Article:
Summer 2016

Spotlight on a team member - Luke Dickinson

What or who inspires you to get out of bed every morning?

Whether you love your job or not, the fact that most of us spend the vast majority of our time at work means it’s even more important to squeeze out every second of the day you can for yourself. It’s this that drives me to get out of bed every morning. It certainly isn’t an outlook on life I’ve always had, particularly during my hearty care free student days when I considered getting up after 10am an integral part of my learning process.

What is your favourite thing about your role at CAF?

Problem solving and everything that it entails is probably my favourite thing at CAF. For me it satisfies the creative spark, that I think we all have in some way and it also means I can work with the different teams within CAF, that are full of great people. I am incredibly fortunate that as a Client Manager I get to work closely with some of the largest, most advanced and sophisticated organisations in the UK (in some cases the world), supporting them in the delivery of their socially responsible programmes.

Potential and existing CAF clients often approach us with new ideas and ways of working. Being able to deliver a solution that enables them to realise these objectives is incredibly gratifying. Not only that, but it’s interesting to get an insight into each client’s unique perception of social responsibility, and their differing needs – all helping keep my job interesting.

Where’s the most interesting place you have travelled to?

It’s not incredibly original but I’d probably have to say New York; there’s nowhere really quite like it. Sure the odd bar is eye wateringly expensive (even by London standards) and yes there’s literally a Starbucks on every corner, but it really doesn’t matter.

If your idea of interesting is a vibrant, 24 hour city, where you can fill each day with fun and delicious adventures without ever doing the same thing twice, where customer service isn’t a pipe dream and $2 pizza slices are as big as a human torso, then you should definitely check it out.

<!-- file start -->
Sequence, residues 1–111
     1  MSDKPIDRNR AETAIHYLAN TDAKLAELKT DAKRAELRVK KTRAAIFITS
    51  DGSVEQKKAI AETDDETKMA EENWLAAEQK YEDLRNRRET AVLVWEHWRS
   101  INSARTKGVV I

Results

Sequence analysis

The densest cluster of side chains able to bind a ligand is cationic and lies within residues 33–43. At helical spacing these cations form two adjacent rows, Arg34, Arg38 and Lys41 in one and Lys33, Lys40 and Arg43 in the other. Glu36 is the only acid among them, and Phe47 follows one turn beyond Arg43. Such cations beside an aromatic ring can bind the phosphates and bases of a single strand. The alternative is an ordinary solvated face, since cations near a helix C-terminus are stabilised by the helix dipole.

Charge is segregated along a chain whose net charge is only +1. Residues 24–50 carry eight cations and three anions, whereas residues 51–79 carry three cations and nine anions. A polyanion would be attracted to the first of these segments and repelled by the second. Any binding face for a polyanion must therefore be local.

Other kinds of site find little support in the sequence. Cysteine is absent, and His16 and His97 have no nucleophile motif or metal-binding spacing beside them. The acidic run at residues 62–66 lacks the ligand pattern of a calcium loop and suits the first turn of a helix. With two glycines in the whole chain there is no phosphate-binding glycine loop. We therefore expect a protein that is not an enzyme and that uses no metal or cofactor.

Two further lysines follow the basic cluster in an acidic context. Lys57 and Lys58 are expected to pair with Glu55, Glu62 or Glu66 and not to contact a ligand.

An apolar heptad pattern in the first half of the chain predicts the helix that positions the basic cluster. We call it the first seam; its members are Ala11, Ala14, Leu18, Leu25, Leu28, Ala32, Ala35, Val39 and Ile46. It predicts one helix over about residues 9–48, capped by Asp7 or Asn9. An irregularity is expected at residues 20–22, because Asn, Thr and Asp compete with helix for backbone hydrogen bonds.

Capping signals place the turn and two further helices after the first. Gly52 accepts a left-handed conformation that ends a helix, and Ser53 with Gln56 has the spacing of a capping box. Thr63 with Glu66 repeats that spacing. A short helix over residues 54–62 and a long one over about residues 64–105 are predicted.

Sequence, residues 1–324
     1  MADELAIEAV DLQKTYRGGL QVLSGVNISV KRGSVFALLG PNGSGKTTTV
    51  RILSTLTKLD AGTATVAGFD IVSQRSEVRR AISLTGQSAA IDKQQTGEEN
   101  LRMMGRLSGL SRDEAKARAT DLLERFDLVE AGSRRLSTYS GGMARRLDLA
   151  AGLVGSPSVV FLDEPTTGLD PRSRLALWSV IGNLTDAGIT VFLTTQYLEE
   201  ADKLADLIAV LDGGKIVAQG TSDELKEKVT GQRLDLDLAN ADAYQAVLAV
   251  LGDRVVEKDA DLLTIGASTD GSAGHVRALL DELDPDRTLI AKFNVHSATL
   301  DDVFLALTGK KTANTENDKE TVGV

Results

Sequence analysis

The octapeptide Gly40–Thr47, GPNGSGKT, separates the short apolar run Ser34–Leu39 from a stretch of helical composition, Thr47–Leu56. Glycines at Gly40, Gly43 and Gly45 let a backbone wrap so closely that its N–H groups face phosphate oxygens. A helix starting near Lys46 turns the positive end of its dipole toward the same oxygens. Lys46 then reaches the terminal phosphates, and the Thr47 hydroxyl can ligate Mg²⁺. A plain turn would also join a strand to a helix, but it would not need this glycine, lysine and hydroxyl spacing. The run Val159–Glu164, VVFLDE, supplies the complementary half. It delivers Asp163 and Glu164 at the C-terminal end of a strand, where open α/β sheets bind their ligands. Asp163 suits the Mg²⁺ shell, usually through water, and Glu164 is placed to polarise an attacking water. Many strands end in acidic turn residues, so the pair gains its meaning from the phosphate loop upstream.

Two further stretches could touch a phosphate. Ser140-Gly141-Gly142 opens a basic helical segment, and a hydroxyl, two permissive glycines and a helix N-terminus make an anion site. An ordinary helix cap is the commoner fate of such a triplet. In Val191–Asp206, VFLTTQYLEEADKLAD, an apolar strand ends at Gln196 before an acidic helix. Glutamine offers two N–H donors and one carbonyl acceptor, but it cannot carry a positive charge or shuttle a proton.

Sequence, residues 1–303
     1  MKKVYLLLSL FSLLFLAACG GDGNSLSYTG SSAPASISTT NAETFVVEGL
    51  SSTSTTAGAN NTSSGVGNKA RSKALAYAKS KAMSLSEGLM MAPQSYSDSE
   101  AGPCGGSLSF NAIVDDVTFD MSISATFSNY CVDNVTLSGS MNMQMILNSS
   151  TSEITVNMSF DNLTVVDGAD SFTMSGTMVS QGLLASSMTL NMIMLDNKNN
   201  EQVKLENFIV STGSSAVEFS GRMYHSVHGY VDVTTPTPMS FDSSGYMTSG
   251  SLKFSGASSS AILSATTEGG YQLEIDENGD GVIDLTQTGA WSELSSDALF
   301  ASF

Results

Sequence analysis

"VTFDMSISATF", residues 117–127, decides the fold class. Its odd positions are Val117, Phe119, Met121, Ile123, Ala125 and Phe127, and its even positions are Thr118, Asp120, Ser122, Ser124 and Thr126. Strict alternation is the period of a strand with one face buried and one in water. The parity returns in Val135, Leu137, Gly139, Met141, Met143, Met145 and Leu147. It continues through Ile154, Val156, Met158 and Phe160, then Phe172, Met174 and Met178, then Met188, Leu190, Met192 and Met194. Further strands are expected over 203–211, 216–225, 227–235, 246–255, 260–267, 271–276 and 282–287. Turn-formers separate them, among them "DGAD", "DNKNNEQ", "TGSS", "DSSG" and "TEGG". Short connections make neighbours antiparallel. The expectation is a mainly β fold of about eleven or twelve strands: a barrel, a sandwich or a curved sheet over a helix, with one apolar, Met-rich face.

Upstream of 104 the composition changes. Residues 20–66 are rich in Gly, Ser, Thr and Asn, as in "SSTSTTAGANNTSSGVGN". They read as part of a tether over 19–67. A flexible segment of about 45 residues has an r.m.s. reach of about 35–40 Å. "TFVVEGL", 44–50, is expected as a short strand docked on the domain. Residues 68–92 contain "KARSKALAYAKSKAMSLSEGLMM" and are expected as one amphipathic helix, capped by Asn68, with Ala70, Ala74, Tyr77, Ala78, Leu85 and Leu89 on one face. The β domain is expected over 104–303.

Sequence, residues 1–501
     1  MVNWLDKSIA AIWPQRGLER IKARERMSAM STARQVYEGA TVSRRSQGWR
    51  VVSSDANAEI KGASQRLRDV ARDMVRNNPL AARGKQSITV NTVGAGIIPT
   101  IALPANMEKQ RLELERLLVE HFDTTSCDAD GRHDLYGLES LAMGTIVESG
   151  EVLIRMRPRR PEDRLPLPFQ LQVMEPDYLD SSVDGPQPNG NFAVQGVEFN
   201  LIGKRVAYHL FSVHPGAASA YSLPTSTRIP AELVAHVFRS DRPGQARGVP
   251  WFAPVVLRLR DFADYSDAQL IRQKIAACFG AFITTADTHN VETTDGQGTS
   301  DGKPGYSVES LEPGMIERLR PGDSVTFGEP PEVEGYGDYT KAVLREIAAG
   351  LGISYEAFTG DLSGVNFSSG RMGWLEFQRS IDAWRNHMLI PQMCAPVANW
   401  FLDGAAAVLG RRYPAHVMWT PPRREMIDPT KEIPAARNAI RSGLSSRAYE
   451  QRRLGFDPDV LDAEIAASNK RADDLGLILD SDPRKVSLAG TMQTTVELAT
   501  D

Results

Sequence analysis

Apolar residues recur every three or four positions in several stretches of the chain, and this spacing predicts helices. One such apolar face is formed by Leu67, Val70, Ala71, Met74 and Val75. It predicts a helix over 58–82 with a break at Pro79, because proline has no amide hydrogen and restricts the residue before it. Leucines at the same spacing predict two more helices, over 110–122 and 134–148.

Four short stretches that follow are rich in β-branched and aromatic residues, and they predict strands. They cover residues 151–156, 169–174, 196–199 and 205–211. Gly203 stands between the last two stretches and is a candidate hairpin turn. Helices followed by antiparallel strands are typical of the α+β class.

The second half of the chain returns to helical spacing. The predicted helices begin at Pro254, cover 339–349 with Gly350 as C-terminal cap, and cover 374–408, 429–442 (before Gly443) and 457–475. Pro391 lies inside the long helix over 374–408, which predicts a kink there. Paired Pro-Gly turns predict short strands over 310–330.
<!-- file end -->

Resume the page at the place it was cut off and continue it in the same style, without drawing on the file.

Who would you invite to a dinner party?

That’s a tricky one - I’m certainly not the greatest cook so I’d probably keep it pretty exclusive: 

Sir Alex Ferguson:
As an avid life long Manchester United fan he has to be the first name on the list. Hired in the year and month of my birth, he has won every trophy and accolade it’s possible to win in football.

Arnold Schwarzenegger:
 I have a passion for sport and read a lot of autobiographies - few stand out like Schwarzenegger’s. Seven times (and youngest ever) Mr Olympia, one of the highest grossing film stars of all time, Red Cross Ambassador and the first foreign political leader in American history.

Alexander the Great:
As an avid historian I have to have a big historical figure and they don’t come much bigger than Alexander. Tutored by Aristotle, he conquered most of the known world; he must have a story or two to share.

Karl Marx:
 I studied Politics at University and trying to wrap my head around Marx’s theories about society, economics and politics was something I was never truly able to do. Hopefully the man himself could help me out.

Ronda Rousey: 
It’s a pretty testosterone fuelled table so it needs a woman who can handle herself! More importantly, she certainly wouldn’t be outshone: Ronda Rousey has done as much as any woman in the history of women’s sport to further its popular cause. In 2015 she became the first ever female pay-per view main event attraction in history. There were six all male fights on her under-card and I can assure you not one of them complained.

Don Draper:
I can already envisage the scene, surrounded by all these great people Don sits there, slowly sipping his Old Fashioned, casting the occasional knowing glance and wry smile, inevitably without saying a word he becomes the most fascinating man in the room.

What corporate responsibility trends do you see emerging?

Unquestionably one of the biggest trends I have seen emerge and develop over the past year is social mobility. At its core social mobility is about enabling the movement of individuals within or between social strata in a society, and changing their overall social status which is predominantly based on occupation, income and wealth.

In particular, within the professional services sector social mobility has permeated beyond the realms of CSR, impacting the very fabric of day-to-day operations including recruitment, regional and head office locations and the advancement of the living wage.

Many of our clients lead the way in work experience and apprentice schemes, devoting more resources than ever before to educational sponsorship and scholarship programmes and encouraging their employees to actively engage with local schools through a variety of volunteering programmes.

Luke specifically looks after our Professional Services sector clients so if you’re in one of these sectors and would like to find out more about how we can help you to achieve your CSR ambitions please get in touch by emailing

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